Recommended for: Novices to professionals.
History of Quarter Horses
The American Quarter Horse is considered to be the oldest all-American breed. The origins of this breed started as early as the 1600s, right after settlement of the Americas by the British. In order to produce a steed suitable for both work and sport, thoroughbreds and other English kinds of equines (which descended from English, Arabian and Spanish types) were crossed to American steeds of Spanish origin currently in America. These latter horses were brought to the Americas by the Spanish conquistadors. A steed of this time needed to be ideal for numerous different skills such as farm work, stock work, basic transportation and sport. Throughout this age, horse racing over brief distances grew in popularity amongst the early colonists. The desire to increase the speed of these equines led to the importation of some early British Thoroughbreds. Races of short distances, usually an approximate quarter mile, grew increasingly more popular, hence the name now offered to this kind of horse. Unlike today’s large racing carnivals, these early races consisted of hastily arranged contests over rough paddocks, normally in between 2 steeds with private wagers in between settlers.
Although there was no stringent policy on breeding, the typical qualities preferred by the early inhabitants of speed, dexterity, compact shape and intelligence, ensured that these early types were to become the foundation of the contemporary Quarter Horse.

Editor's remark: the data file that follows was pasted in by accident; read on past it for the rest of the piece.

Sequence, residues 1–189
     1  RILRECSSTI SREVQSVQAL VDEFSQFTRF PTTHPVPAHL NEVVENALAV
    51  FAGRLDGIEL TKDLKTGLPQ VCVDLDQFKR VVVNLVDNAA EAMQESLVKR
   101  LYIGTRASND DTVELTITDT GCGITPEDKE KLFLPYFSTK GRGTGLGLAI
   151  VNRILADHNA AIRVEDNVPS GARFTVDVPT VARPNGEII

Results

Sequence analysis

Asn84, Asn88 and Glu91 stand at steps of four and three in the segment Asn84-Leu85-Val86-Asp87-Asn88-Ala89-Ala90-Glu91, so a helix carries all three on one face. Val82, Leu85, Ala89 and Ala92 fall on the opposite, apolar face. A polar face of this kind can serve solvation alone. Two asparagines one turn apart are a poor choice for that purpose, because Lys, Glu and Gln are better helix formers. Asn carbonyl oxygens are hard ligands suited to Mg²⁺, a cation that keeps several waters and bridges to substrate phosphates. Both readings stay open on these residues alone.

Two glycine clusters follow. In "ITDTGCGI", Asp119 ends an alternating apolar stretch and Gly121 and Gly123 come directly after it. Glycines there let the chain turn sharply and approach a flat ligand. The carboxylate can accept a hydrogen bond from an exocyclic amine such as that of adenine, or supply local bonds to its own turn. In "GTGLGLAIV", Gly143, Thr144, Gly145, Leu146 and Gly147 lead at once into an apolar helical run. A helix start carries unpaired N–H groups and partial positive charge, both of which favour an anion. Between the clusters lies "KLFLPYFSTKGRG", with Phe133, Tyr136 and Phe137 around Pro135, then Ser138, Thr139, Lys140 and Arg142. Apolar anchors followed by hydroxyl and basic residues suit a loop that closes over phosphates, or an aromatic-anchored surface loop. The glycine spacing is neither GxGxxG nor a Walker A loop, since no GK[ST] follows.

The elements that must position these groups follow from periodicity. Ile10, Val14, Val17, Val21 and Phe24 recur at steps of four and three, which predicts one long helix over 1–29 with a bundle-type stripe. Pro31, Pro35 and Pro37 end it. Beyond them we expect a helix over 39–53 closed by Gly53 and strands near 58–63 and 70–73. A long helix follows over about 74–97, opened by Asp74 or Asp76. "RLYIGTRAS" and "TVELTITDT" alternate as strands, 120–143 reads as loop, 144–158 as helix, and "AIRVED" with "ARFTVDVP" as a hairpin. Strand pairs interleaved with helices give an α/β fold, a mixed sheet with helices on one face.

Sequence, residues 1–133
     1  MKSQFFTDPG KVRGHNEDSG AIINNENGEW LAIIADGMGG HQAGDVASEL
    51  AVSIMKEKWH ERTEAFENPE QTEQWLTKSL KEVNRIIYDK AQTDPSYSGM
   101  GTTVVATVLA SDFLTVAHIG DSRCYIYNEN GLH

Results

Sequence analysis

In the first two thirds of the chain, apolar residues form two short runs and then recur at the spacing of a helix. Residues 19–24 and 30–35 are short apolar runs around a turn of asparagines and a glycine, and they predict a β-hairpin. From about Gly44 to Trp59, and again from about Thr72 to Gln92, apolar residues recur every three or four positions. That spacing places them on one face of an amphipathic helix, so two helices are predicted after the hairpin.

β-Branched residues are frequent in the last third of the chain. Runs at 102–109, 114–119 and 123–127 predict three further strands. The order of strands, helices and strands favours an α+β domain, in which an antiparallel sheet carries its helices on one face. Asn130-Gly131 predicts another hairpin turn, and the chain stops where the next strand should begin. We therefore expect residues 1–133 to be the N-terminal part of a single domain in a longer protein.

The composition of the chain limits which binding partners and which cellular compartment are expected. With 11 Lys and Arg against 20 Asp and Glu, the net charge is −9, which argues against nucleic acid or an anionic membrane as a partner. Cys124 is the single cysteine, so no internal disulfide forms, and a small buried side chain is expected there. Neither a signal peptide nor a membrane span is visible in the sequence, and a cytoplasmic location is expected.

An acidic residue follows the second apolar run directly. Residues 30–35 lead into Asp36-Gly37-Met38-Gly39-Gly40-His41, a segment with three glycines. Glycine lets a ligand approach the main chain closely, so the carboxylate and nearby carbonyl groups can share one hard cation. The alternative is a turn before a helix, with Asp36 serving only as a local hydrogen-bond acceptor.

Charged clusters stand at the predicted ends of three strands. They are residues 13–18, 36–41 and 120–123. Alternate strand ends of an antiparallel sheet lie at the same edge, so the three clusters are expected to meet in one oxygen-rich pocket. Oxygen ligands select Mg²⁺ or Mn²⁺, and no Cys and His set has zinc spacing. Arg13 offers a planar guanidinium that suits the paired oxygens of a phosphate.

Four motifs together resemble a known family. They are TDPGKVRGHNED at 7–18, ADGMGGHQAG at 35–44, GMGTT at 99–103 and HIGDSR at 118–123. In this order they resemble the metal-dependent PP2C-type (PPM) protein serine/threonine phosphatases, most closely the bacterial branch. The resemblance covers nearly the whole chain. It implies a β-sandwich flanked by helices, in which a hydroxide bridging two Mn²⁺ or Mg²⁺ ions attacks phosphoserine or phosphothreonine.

The development of the cow horse in the middle and late 1800s saw a more purposeful technique to the breeding and improvement of the Quarter Equine kind. These steeds verified indispensable to the stockmen and cowboys of the time. Alert, tractable, compact and strong, this kind of steed likewise had an instilled ‘cow-sense’, a capability to work among cattle and ‘check out’ their movements with little intervention by the rider. In working with cattle, this kind of equine required each of the skills that are now categorised into five distinct groups.
Regardless of its popularity and large numbers in the United States, until the Stud book was developed in the 1940s the Quarter Steed can only be considereded a kind of steed rather than a type. Considering that the commencement of the Stud book however, over 2.5 million entries appear in the American Quarter Horse Association’s register. Australia presently has the second largest populace of Quarter Horses world broad.
Activities Quarter Horses are used for:
Recent years have actually seen the breeding and development of the Quarter Horse directed into five certain groups, with little reproducing happening across these groups
1. Pleasure Horse: fit to general enjoyment riding. A basic utility steed with a calm personality and smooth gait.
2. Reining: concentrates on the horse’s capability to react very rapidly to the rider. Reining competitors involve speed and desire to respond to rein control.
3. Cutting: involves the equine working among cattle. The horse is utilized to cut a cow from the herd and prevent it from returning by countering its moves. These horses have acquired ‘cow sense’ over years of selective breeding.
4. Halter Horse: these equines are not ridden however led. They are judged on their conformation, discussion and character.